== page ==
discussion in Chapter Eight.
Greek Myths, 131.g. and 131.2.
Proclus on Euclid's Elements, op. cit.: two translations, one by
Thomas Taylor (1792) and one by Glenn Morrow (1960s). A translation
by Thomas Taylor of much of Simplicius's commentary on Aristotle's
De Caelo (On the Heavens) may be found in The Works of Aristotle,
London, 1806-12, 9 vols., all trans, by Thomas Taylor and 'printed
for the translator'. However, only fifty copies were printed and not
a single volume of this work is to be found either in the British
Museum Library or in the Bodleian Library at Oxford. The publication
was financed originally by William and George Meredith, patrons of
learning at the beginning of the nineteenth century. Patrons of this
kind of learning seem thin on the ground these days, since the
Bollingen Foundation in New York has ceased its benefactions;
Geoffrey Watkins, the London publisher and bookseller who would
occasionally reprint Thomas Taylor's work in small editions, has now
retired and his successors have abandoned his policies to
concentrate on ecology. The above 9 vol. work contains the only
English translations ever done of the majority of the Neoplatonic
commentaries on Aristotle. And yet, not only are these translations
unavailable in print, but they are even not available for
consultation in the world's most respected libraries, so that one
may not even see them. (These libraries really should make some
effort to obtain photostats or microfilms of the books.) A friend of
mine owns a few volumes of this set and an acquaintance had a chance
some of the volumes at a Sotheby's auction but said they reached a
terrible price which he thought beyond his range.
Greek Myths, 3.C.
Benardete, Seth. Herodotean Inquiries, The Hague, 1969, p. 126.
See the end of his Introduction to Greek Myths, op. cit.
The four books by Eva Meyrowitz are now out of print. In the fourth
book of the series (see Note 14) the author describes the series:
'This is the fourth volume of the series of which the first, The
Sacred State of the Akan [195,1], gives a picture of the old Akan
civilization. The second, Akan Traditions of Origin , deals
with the early history of the people who now call themselves Akan.
The third, The Akan of Ghana, their Ancient Beliefs [1958,
originally entitled The Akan Cosmological Drama], showed the
development of their religion. The fourth, here presented, attempts
to show that Akan religion, which includes the cult of the divine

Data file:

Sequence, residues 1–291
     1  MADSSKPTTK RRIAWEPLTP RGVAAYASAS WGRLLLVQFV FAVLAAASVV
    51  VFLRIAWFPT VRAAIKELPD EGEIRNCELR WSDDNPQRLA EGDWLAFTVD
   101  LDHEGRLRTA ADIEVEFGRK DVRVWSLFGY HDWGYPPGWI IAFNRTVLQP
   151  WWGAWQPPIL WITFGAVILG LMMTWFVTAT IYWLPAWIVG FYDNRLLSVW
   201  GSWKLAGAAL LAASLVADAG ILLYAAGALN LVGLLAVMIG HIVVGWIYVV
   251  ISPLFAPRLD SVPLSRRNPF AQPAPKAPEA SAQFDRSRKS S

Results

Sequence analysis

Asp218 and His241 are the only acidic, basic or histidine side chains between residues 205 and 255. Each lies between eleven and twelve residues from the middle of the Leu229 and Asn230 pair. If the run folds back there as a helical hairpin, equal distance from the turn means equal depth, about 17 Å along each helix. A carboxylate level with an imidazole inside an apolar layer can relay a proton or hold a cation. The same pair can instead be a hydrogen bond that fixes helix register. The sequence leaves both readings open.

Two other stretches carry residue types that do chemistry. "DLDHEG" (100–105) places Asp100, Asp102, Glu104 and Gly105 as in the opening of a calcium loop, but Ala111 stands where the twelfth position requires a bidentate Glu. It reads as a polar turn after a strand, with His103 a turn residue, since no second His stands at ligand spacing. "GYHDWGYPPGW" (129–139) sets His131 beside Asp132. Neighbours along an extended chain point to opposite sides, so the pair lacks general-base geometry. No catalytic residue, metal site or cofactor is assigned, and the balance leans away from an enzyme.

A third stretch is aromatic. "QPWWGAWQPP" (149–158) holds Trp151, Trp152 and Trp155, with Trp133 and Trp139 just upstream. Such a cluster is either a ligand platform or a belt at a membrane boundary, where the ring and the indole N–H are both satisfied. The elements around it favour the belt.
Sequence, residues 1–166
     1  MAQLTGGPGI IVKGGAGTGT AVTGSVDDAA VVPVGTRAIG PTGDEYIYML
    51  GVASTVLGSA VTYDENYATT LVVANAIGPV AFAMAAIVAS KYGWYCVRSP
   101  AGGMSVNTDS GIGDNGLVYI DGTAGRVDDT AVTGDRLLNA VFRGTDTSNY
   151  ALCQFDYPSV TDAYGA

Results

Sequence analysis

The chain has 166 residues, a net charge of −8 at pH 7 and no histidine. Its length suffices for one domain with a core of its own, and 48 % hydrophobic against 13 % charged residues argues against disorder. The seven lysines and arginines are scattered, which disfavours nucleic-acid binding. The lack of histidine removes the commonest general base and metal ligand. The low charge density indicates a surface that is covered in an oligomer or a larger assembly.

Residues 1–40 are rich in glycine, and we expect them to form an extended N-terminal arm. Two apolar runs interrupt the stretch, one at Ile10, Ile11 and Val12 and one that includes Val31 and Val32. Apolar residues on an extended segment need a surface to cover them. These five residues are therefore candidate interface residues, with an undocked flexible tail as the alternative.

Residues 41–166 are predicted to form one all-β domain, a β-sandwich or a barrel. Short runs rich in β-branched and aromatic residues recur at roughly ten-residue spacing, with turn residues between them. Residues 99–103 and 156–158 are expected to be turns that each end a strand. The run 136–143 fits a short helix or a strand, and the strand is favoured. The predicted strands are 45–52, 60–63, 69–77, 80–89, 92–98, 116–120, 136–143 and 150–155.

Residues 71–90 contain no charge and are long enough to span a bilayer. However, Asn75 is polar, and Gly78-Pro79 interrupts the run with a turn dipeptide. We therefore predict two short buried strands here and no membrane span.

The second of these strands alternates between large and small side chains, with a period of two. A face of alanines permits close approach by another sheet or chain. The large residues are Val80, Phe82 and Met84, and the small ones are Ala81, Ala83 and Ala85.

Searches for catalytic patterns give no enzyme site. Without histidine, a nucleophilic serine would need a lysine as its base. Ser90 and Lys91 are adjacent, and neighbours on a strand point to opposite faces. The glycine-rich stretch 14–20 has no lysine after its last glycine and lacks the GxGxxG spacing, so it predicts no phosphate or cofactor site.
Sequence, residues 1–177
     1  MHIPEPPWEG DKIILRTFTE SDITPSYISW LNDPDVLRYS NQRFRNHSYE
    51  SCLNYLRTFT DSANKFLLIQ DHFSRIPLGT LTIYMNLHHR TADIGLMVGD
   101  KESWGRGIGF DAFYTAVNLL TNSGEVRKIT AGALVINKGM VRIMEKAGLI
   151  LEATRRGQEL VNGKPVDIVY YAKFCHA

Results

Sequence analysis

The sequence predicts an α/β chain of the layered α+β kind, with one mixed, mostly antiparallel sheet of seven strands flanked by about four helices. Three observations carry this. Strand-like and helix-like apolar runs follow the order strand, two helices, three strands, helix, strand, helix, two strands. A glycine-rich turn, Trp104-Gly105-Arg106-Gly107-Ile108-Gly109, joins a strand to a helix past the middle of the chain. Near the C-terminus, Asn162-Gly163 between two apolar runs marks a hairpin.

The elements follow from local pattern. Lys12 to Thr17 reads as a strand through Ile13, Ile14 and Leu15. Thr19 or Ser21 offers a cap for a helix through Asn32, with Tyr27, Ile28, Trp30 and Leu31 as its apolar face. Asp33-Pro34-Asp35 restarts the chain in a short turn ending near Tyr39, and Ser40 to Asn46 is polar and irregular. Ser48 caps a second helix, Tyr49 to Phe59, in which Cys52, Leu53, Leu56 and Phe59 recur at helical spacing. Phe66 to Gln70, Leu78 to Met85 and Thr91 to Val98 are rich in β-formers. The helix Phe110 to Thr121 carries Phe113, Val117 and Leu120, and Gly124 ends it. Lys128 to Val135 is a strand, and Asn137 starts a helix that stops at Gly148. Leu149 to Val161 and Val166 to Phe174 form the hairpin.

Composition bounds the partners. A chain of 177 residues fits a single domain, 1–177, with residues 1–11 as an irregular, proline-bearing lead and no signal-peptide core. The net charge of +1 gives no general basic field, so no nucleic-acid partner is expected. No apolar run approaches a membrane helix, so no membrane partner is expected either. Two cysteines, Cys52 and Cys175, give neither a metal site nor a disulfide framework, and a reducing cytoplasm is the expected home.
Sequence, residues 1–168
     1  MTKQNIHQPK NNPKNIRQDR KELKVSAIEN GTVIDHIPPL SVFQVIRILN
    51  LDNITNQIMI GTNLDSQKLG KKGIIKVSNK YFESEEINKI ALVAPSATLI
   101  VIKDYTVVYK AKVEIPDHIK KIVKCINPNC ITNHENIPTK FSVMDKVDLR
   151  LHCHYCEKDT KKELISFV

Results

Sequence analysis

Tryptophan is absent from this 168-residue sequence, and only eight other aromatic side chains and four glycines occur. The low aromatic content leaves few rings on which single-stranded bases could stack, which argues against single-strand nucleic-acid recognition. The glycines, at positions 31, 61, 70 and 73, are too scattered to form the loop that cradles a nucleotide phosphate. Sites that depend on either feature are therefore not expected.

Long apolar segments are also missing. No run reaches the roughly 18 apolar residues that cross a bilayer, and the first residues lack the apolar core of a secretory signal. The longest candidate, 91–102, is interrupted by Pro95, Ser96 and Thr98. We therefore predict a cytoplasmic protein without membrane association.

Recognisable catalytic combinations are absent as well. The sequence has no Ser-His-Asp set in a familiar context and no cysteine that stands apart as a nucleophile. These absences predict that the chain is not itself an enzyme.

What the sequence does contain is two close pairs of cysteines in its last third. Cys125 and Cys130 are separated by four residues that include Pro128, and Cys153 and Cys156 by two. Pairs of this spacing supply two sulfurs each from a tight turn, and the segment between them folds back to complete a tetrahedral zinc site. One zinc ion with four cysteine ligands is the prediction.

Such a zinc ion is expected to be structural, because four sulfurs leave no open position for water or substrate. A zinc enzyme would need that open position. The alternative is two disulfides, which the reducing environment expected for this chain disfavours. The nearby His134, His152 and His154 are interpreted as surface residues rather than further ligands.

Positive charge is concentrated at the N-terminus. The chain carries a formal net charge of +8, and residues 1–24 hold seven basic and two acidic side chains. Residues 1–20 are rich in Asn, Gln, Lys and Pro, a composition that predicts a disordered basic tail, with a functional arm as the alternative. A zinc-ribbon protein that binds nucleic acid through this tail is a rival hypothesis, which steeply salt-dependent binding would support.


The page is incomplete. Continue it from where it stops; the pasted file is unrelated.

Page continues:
king and the main features of their social organization, is largely
derived from Ancient Egypt.' Eva Meyrowitz is an anthropologist from
Cape Town who worked in the Gold Coast (now Ghana) from 1936-45
studying the peoples of that country. The third volume mentioned
above (1958) contains a final chapter which is entitled 'Analogies
to Akan Beliefs and Customs in Libyan North Africa'. As for the Akan
peoples, they speak languages of the Twi branch of the Kwa
sub-family of the Western Sudanic linguistic stock and inhabit the
eastern part of Ivory Coast, the southern half of Ghana, and parts
of Togo. The majority are in Ghana, where they settled in successive
waves between the 11 th and 18th centuries. All of Meyrowitz's books
above, and the fourth mentioned in Note 14, were published by Faber
The Divine Kingship in Ghana and Ancient Egypt (originally entitled
The Akan of Ghana, the Akan Divine Kingship and Its Prototype in
Ancient Egypt), Faber, London, 1960. Went out of print in February
1963. The map is adapted from one in this book.
Greek Myths, op. cit., 8.
Ibid., 34.1. and 34.3.
The Odes of Pindar, trans, by G. M. Bowra, Penguin paperback, 1969,
Eunapius, Lives of the Philosophers and Sophists, trans, by W. C.
Wright, in Vol. No. 134 of Loeb Library Series (Philostratus and
Eunapius), Heinemann, London; Harvard University Press, U.S.A.,
Ibid., p. 419 (text, 471).
Ibid., p. 417 (text, 470).
Ibid., pp. 421-5 (text 472): 'Next, into the sacred places they
imported monks, as they called them, who were men in appearance but
led the lives of swine, and openly did and allowed countless
unspeakable crimes. But this they accounted piety, to show contempt
for things divine. For in those days every man who wore a black robe
and consented to behave in unseemly fashion in public possessed the
power of a tyrant, to such a pitch of virtue had the human race
advanced! All this however I have described in my Universal History.
They settled these monks at Canobus also, and thus fettered the
human race to the worship of slaves . . .' Among the unspeakable
crimes being referred to was the destruction by Bishop Theodosius of
the Great Library of Alexandria because it contained 'heathen
literature'. Hence, the loss of the hundreds of thousands of books
from the ancient world, which everyone laments so often, took place
at the hands of a fanatical Christian bishop attempting to wipe out
all trace of history before Christ, and not as the result of an
accidental fire from the time of Mark Anthony, as the story is
Graves, Greek Myths, op. cit., 6o.a.
Ibid., 58.5. ORIGINS OF THE DOGON 173
I will complete the quotation from Graves here: '. . . Chthonius
(''of the soil"); Hyperenor ("man who comes up") and Pelorus
("serpent") - are characteristic of oracular heroes. But "Pelorus"
suggests that all Pelasgians, not merely the Thebans, claimed to be
born in this way; their common feast is the Peloria (see 1.2.)'. The
remaining three names are thus seen to be quite as one would expect.
Wallis Budge, E. A. Egyptian Language, Routledge, Kegan Paul Ltd.,
London, 1951, pp. 43-94.